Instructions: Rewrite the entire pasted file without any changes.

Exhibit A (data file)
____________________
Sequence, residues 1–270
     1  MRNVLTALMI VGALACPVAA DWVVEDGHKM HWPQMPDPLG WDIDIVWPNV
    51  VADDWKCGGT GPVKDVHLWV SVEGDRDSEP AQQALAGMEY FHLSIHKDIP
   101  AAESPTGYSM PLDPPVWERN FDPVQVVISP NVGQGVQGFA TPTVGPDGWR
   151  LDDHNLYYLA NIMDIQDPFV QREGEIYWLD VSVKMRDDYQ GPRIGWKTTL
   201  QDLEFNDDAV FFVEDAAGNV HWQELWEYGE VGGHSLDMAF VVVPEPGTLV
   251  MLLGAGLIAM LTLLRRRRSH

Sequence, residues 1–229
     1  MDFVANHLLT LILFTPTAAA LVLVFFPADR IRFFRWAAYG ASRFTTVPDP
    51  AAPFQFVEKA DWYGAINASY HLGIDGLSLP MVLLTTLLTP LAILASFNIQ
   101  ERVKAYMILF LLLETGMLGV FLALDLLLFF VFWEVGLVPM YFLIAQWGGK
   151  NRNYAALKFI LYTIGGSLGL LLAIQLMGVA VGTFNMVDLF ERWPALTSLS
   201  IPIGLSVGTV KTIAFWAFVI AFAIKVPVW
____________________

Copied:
Sequence, residues 1–270
     1  MRNVLTALMI VGALACPVAA DWVVEDGHKM HWPQMPDPLG WDIDIVWPNV
    51  VADDWKCGGT GPVKDVHLWV SVEGDRDSEP AQQALAGMEY FHLSIHKDIP
   101  AAESPTGYSM PLDPPVWERN FDPVQVVISP NVGQGVQGFA TPTVGPDGWR
   151  LDDHNLYYLA NIMDIQDPFV QREGEIYWLD VSVKMRDDYQ GPRIGWKTTL
   201  QDLEFNDDAV FFVEDAAGNV HWQELWEYGE VGGHSLDMAF VVVPEPGTLV
   251  MLLGAGLIAM LTLLRRRRSH

Sequence, residues 1–229
     1  MDFVANHLLT LILFTPTAAA LVLVFFPADR IRFFRWAAYG ASRFTTVPDP
    51  AAPFQFVEKA DWYGAINASY HLGIDGLSLP MVLLTTLLTP LAILASFNIQ
   101  ERVKAYMILF LLLETGMLGV FLALDLLLFF VFWEVGLVPM YFLIAQWGGK
   151  NRNYAALKFI LYTIGGSLGL LLAIQLMGVA VGTFNMVDLF ERWPALTSLS
   201  IPIGLSVGTV KTIAFWAFVI AFAIKVPVW